58. Ibid., 12 and 27.

59. Ibid., 27.

60. The quotes are derived from the king's proclamation of May 1636, which--together with other relevant directives--are discussed in Arthur Lyon Cross, The Anglican Episcopate and the American Colonies (Hamden, Conn.: Archon Books, 1964 [reprint of 1902]), 13-24.

61. Sir David Kirke to Archbishop Laud, Ferryland, 2 Oct. 1639; C.O. 1/10 (MHA).

62. For biographical particulars see Gillian T. Cell, "Treworgie, John," DCB, 1: 652-3.

63. Instructions to John Treworgie, 3 June 1653 (CSP, 25/69, 197, 204-10; MHA) and "Laws, Rules and Ordinances whereby the Affairs and the Fishery of the Newfoundland are to bee governed untill ye Parliament shall take further order," 16 June 1653 (C.O. 1/38 [33 iii], 74-5v; MHA).

64. Deposition of Thomas Cruse of Ashprington (Devon), Tottnes, Devon, 27 Nov. 1667; West Devon Record Office, Plymouth (W360/74), MHA 16-C-1-026.

65. I have examined both the 1622 original edition and the 1627 reprint, published by John Bellamie in London. See also the edition by Dwight B. Heath, A Journal of the Pilgrims at Plymouth: Mourt's Relation (New York: Corinth Books, 1963).

66. See especially the unpaginated reference in the 1622 and 1627 Relation of Morton. On Dermer, see the article by E. Hunt in DCB, 1: 262, and on Tisquantum the article by W. Austin Squires in ibid., 649-50.

67. Alexander Young, Chronicles of the Pilgrim Fathers of the Colony of Plymouth 1602-1625 (New York: Da Capo Press, 1971 [Boston: 1841 reprint], 441.

68. On the development of London Separatism between 1585 and 1593, see especially B.R. White, The English Separatist Tradition: From the Marian Martyrs to the Pilgrim Fathers (London: Oxford University Press, 1971), 67-90, and Champlin Burrage, The Early English Dissenters in the Light of Recent Research (1550-1641) (New York: Russell & Russell, 1912 [reprint 1967]), 118-135.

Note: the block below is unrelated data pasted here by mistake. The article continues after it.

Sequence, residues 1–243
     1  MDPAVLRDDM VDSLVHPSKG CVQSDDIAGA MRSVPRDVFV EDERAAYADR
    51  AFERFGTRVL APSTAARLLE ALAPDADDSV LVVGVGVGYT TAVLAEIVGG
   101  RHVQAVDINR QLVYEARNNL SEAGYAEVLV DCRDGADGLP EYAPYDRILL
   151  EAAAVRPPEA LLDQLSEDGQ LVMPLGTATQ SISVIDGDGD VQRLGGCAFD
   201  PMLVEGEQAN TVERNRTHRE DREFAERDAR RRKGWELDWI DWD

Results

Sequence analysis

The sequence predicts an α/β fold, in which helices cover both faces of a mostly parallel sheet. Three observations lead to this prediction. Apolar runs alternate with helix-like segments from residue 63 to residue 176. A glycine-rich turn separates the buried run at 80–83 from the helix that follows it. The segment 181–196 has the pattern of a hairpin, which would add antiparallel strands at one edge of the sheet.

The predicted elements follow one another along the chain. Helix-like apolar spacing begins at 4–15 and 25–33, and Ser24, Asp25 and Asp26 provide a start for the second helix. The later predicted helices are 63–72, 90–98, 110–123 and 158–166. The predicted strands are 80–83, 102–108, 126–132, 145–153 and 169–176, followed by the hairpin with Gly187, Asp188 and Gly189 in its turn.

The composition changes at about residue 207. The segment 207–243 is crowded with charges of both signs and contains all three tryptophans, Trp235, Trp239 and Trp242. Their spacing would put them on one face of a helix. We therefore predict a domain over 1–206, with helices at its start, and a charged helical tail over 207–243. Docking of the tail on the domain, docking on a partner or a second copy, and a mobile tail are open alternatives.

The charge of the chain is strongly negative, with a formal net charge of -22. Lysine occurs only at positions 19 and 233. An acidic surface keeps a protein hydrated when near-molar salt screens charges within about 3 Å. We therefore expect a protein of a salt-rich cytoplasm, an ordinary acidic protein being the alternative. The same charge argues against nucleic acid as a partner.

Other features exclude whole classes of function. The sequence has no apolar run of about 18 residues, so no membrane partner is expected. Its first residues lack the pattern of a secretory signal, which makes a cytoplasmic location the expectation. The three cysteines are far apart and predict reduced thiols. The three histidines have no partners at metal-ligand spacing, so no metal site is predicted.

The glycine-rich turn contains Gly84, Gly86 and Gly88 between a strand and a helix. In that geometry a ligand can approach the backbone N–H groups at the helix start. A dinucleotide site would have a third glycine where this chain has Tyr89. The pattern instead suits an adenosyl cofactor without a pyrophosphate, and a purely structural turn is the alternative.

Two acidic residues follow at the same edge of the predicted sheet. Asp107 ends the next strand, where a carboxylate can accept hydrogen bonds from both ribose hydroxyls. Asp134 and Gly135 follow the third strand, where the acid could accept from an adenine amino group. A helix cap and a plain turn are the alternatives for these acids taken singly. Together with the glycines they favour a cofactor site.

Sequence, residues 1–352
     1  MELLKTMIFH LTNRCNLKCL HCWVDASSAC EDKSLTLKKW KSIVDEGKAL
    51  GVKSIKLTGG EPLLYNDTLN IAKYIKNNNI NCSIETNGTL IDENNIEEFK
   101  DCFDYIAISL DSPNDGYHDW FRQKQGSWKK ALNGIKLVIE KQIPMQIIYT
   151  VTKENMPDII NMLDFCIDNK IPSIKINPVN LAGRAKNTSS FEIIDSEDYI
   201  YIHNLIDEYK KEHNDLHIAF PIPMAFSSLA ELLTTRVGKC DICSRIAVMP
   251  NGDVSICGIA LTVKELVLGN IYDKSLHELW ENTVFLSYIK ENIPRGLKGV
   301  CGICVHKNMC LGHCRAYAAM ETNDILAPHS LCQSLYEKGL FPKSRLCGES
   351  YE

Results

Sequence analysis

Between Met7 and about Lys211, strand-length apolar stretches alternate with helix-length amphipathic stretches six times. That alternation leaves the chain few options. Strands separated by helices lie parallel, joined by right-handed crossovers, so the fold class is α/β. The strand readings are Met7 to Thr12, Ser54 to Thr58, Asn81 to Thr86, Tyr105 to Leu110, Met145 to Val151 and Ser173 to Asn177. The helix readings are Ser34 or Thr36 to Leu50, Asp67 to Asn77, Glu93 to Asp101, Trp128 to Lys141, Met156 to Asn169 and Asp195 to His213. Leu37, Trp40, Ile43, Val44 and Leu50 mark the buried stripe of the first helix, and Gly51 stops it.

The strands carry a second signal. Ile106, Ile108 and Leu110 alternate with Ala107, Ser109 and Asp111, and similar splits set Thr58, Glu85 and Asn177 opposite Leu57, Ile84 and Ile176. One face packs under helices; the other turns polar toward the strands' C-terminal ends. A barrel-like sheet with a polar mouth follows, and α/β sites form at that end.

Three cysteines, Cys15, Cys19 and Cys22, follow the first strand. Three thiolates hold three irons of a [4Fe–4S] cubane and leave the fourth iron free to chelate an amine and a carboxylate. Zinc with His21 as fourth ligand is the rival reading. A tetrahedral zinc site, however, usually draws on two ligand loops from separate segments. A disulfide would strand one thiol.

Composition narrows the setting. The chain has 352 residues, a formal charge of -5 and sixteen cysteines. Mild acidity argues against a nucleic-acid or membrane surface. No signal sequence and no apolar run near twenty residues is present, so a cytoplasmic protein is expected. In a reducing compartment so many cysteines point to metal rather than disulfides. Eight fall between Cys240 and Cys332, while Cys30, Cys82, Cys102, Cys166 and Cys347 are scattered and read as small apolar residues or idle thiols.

69. David B. Quinn, "Johnson, George " DCB, 1: 390-92.

70. The key documents of the Barrowist petition and subsequent trip are conveniently edited or reprinted in David B. Quinn (edit.), New American World : A Documentary History of North America to 1612, Vol. 4: Newfoundland from Fishery to Colony. Northwest Passage Searches (New York : Arno Press, 1979), 68-80. The major and only document about the stay near Newfoundland is preserved in George Johnson's A Discourse of Some Troubles (Amsterdam, 1603).

71. David B. Quinn, "Leigh, Charles " DCB, 1: 449-52.

72. David B. Quinn (edit.), New American World, 4: 75.

73. William Strachey's Account, in Purchas, Vol.4, 1752; reproduced in Conway Whittle Sams, The Conquest of Virginia: The Second Attempt. An Account, based on Original Documents, of the Attempt, under the King's form of Government, to Found Virginia at Jamestown: 1606-1610 (Norfolk: Keyser-Doherty, 1929 [reprinted 1973]), 727.

74. "Second General Letter of Instruction to Endicott and his Council," 28 May 1629; in Alexander Young (edit.), Chronicles of the First Planters of the Colony of Massachusetts Bay, from 1623 to 1636 (Boston: Charles C. Little and James Brown, 1846 [reprinted 1970]), 184-5.

75. Ralph Greenlee Lounsbury, "Yankee Trade at Newfoundland," The New England Quarterly 3(October 1930), 608-9.

76. "A Narrative made by ye Latt Sr David Kirke Knight and governor Concerning Newfoundland," undated, (British Museum, Egerton, Ms. 2395; MHA), 260v-261r.

77. Codignola, The Coldest Harbour of the Land, 112-16, 118, 120, 137.

78. Simon Stock to Propaganda Fide, London, 28 April 1630; in ibid., 120.

79. The life and work of Rev. Hugh Peters are treated in a full biography, Raymond Phineas Stearns, The Strenuous Puritan: Hugh Peter, 1598-1660 (Urbana, Illinois: University of Illinois, 1954).

80. Frederick Lewis Weis, The Colonial Clergy and the Colonial Churches of New England (Baltimore: Genealogical Publishing Co., 1977 [reprint of 1936]), 217-8.

81. John Farmer, A Genealogical Register of the First Settlers of New England (Baltimore: Genealogical Publishing Co., 1979 [reprint of the 1847 edition]), 142-3.